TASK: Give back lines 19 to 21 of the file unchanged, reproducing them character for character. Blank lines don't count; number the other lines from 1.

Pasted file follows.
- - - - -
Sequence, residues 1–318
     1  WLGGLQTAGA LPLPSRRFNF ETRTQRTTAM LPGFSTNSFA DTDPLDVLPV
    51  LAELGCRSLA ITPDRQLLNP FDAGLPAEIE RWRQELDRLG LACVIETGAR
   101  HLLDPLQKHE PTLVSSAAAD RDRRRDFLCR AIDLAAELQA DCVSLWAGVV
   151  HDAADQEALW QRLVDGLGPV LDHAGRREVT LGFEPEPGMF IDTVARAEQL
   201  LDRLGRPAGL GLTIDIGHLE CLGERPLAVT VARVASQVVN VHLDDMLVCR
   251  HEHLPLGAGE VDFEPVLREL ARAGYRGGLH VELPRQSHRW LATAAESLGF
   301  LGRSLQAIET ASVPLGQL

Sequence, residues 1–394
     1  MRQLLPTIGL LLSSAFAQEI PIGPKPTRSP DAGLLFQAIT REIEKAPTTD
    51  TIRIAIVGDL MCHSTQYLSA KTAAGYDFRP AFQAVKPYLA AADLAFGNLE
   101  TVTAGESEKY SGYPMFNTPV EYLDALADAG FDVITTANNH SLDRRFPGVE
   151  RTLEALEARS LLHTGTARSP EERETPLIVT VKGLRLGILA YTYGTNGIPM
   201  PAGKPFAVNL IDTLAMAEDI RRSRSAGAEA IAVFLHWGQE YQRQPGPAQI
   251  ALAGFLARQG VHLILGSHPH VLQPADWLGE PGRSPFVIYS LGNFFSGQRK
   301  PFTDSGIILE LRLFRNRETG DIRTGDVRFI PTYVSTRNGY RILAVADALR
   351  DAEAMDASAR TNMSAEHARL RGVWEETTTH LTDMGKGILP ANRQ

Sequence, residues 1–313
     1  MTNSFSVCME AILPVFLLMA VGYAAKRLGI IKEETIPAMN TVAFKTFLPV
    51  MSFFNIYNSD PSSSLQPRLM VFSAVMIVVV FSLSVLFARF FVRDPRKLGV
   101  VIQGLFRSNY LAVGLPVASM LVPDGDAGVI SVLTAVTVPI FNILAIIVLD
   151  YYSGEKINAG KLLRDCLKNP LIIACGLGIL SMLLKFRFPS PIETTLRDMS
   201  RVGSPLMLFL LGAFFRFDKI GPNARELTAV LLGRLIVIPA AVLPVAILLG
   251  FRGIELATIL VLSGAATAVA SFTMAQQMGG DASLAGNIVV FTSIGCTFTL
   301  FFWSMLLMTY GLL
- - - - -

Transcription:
     1  MTNSFSVCME AILPVFLLMA VGYAAKRLGI IKEETIPAMN TVAFKTFLPV
    51  MSFFNIYNSD PSSSLQPRLM VFSAVMIVVV FSLSVLFARF FVRDPRKLGV
   101  VIQGLFRSNY LAVGLPVASM LVPDGDAGVI SVLTAVTVPI FNILAIIVLD